What are these persistent pollutants, and how common are they?

One group are the polybrominated diphenyl ethers (PBDEs). It's a common flame retardant that's found in furniture, paint and electrical goods, like computers or refrigerators. The compounds are hydrophobic, which means they don't like water, but they love to dissolve in human tissue, because there is fat in tissue. Humans ingest them through the food chain, but as it's very hard for our body to discharge them, they accumulate and cause cancer or destroy the hormone balance. Since the 1970s, the presence of PBDEs in our bodies and in our environment has been increasing exponentially. A high concentration of PBDEs has been found in human breast milk. They've even been found in polar bears in the Arctic, a region we always assumed was clean. They were probably introduced there by fish migrating from polluted rivers.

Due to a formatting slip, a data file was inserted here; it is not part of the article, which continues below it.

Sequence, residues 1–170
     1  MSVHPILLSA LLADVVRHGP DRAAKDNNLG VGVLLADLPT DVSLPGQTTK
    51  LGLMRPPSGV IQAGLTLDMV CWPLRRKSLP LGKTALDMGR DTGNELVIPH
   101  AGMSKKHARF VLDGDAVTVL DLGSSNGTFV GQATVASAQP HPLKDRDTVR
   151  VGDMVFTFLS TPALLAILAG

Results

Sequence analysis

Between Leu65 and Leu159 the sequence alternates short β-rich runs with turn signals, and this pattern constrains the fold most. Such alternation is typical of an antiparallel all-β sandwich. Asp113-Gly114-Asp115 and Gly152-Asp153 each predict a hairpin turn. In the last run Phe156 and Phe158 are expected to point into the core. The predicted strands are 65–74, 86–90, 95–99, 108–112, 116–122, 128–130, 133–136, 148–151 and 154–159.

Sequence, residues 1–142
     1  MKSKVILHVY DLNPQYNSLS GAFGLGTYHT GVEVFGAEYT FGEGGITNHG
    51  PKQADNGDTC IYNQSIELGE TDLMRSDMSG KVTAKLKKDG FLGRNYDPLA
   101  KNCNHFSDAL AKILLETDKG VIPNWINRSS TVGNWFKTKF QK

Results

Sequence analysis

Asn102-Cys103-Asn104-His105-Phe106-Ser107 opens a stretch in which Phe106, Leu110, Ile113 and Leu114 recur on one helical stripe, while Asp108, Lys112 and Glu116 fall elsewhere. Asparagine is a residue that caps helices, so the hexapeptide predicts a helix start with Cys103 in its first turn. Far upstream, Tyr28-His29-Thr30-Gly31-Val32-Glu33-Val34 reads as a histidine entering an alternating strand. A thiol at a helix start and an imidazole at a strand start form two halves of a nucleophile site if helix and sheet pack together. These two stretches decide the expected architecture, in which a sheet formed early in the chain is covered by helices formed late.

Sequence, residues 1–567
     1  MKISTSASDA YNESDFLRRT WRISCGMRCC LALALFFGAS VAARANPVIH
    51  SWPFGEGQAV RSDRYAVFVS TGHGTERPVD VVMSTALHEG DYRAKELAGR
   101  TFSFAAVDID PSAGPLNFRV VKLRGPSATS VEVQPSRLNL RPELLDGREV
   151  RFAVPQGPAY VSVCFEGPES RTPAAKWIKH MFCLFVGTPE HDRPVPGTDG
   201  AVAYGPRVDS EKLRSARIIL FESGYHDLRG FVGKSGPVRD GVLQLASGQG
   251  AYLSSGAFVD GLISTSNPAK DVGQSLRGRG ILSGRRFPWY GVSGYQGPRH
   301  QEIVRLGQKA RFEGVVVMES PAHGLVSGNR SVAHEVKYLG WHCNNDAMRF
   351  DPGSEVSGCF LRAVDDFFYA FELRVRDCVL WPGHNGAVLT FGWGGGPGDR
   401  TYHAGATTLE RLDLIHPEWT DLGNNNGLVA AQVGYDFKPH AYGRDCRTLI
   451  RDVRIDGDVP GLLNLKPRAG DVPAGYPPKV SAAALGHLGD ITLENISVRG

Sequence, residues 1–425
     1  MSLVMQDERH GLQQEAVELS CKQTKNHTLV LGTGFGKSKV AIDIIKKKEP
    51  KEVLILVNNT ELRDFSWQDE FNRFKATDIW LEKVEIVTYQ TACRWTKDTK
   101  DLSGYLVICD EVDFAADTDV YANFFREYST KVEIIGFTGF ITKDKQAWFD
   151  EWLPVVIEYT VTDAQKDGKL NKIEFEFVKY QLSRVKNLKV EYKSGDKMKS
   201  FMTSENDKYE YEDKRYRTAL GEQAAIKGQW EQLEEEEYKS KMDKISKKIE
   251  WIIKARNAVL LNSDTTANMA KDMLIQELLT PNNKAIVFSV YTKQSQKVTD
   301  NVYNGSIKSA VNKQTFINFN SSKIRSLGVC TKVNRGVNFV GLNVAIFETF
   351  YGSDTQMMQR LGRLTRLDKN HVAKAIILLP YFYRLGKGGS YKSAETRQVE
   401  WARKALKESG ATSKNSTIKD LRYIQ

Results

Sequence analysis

Many manufacturers in the US and Europe have voluntarily stopped using PBDEs. But they are in so many existing household products, and when we throw them away, they enter the food chain.

So how does your bacterial detox work?

Our bacteria feed on pollutants. They remove bromine or chlorine from the compounds - that's the part that causes cancer, or disrupts the hormone system. What's left behind is safer or even has no toxicity at all. The tough part is removing it. After that, the compound is easily degraded. This process is known as bioremediation.

Is this already being used?